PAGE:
|Publication number||US4348418 A|
|Application number||US 06/172,077|
|Publication date||Sep 7, 1982|
|Filing date||Jul 24, 1980|
|Priority date||Aug 1, 1979|
|Also published as||DE3028371A1, DE3028371C2|
|Publication number||06172077, 172077, US 4348418 A, US 4348418A, US-A-4348418, US4348418 A, US4348418A|
|Inventors||John R. Smith, Gerhard O. J. Fischer|
|Original Assignee||Quaker Oats Limited|
|Export Citation||BiBTeX, EndNote, RefMan|
|Patent Citations (6), Referenced by (36), Classifications (19), Legal Events (2)|
|External Links: USPTO, USPTO Assignment, Espacenet|
This invention relates to a food product for consumption by humans or domestic pet animals, and to a method for its manufacture.
In particular, it relates to the production of simulated meats, fish, fruits or vegetables in the form of discrete shaped pieces for use in canned or frozen meat products, petfoods, jams, confections or desserts. It is also to be understood that the product of this invention has many other possible uses and its use is not restricted to such products as previously mentioned, nor to its sale in a canned or frozen form.
Over the years, numerous attempts have been made to produce shape-retaining simulated food products having a matrix composed of gelled calcium alginate or other divalent metal alginate. One aspect of this technique is to make possible the re-formation of meat-like pieces from meat wastes which have been comminuted. In general, two alternative approaches have been adopted.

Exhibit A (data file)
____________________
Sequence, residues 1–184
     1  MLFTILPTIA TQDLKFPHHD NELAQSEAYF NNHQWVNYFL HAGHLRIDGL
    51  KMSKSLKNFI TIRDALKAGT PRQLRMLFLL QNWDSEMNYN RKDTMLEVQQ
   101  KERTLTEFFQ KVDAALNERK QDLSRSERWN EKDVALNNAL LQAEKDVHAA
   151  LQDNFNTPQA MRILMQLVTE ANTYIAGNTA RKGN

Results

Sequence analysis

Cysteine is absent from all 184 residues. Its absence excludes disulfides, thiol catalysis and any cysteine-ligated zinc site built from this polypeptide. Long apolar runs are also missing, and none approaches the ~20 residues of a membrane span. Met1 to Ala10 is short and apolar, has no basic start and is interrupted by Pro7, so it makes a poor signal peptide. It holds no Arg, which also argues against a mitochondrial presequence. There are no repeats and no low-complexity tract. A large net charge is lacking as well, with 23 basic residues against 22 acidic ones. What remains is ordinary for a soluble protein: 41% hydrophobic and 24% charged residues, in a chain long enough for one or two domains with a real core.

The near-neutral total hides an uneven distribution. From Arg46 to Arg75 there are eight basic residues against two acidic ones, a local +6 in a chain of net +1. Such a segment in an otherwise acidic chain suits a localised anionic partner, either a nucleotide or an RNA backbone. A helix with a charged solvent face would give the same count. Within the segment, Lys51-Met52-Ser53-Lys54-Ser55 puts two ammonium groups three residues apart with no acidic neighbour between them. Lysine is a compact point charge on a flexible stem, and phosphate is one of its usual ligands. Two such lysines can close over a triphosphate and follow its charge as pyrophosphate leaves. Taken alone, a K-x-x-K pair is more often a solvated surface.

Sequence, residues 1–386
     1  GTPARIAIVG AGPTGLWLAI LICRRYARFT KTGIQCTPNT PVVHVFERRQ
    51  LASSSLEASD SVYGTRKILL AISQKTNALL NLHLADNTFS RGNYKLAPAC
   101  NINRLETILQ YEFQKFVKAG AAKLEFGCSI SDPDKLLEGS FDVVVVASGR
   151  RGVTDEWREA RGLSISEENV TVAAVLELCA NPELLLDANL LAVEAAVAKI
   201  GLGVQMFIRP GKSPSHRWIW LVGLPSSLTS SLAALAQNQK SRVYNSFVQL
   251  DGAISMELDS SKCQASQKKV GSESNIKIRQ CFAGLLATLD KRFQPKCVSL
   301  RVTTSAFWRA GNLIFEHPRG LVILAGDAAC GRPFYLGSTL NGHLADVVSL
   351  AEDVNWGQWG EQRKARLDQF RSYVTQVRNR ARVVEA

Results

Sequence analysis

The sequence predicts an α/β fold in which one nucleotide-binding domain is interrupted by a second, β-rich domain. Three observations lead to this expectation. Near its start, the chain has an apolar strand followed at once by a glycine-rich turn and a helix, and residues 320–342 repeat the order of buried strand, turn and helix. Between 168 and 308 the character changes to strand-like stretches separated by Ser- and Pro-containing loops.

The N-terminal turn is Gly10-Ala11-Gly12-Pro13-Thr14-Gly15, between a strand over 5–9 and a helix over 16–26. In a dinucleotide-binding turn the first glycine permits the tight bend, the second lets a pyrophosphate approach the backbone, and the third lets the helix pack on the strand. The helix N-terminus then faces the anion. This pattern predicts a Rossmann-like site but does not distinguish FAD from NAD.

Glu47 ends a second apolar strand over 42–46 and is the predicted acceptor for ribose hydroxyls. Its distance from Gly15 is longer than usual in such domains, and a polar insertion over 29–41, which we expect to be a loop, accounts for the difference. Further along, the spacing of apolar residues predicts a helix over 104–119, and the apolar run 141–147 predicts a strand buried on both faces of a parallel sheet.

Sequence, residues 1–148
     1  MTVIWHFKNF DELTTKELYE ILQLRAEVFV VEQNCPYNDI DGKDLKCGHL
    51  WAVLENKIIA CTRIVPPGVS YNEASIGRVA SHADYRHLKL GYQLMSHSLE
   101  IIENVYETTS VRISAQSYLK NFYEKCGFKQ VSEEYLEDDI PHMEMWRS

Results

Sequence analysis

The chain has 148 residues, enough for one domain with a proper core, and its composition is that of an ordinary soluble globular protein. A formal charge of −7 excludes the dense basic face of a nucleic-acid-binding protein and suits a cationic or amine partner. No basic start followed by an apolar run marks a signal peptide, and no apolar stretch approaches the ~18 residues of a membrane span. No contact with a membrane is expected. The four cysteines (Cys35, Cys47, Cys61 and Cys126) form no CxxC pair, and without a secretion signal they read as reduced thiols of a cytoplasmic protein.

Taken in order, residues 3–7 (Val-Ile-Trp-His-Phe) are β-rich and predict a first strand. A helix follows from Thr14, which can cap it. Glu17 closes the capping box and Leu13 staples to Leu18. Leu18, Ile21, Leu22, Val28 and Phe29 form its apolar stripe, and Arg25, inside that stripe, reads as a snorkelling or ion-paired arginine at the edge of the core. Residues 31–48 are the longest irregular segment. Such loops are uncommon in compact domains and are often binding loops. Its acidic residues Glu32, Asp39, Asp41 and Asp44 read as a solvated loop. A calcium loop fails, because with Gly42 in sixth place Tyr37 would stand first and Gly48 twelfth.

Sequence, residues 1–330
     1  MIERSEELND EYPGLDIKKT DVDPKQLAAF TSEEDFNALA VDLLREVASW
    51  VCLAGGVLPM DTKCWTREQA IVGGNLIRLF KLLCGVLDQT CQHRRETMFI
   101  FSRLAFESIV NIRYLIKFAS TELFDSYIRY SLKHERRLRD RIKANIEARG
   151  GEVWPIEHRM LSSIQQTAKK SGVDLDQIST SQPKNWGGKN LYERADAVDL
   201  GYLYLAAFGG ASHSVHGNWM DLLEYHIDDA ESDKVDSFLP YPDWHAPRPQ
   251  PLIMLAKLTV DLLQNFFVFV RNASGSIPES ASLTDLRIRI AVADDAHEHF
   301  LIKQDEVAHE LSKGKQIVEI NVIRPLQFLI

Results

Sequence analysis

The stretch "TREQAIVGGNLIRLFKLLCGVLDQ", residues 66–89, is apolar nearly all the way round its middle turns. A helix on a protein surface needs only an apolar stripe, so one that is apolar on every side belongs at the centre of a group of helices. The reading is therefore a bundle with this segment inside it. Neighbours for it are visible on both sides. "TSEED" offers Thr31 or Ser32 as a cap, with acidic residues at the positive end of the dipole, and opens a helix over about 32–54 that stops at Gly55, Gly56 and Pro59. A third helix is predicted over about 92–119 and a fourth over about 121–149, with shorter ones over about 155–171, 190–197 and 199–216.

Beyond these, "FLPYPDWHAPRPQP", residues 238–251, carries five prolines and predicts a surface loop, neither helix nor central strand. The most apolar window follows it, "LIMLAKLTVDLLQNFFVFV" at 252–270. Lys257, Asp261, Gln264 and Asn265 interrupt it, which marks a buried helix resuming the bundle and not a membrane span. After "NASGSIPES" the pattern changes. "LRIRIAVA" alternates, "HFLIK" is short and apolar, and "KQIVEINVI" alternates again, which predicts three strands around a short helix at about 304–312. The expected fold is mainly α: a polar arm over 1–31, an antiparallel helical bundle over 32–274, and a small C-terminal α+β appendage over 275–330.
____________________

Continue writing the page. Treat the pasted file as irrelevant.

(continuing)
In the first approach, a mix is so formed into subdivided units and each is provided with a skin. This is typified by U.K. Patent Specification No. 1,474,629, in which an aqueous mixture containing finely-divided food material e.g. meat and a soluble alginate salt is formed into pieces to simulate meat. These pieces are then treated with a solution containing calcium ions. This forms a gelled calcium alginate skin around each piece to encapsulate it and help retain its shape.
A variation of this method, also described in U.K. Patent Specification No. 1,474,629, involves the incorporation of a water-insoluble calcium salt into the alginate-containing meat mix. When this mixture is surface-treated with edible acid it releases calcium at the surface and again forms a skin around the product.
In practice the methods described in No. 1,474,629 result in the production of simulated meat pieces having a soft and sticky interior. Moreover, the food pieces so obtained are rounded in shape. They do not closely resemble cut pieces of meat or offal. Also, to get encapsulate pieces of sufficient strength to withstand subsequent processing and handling, long contact times between the calcium salt solution and the original pieces are required. Such long contact times are not well suited to continuous industrial processing.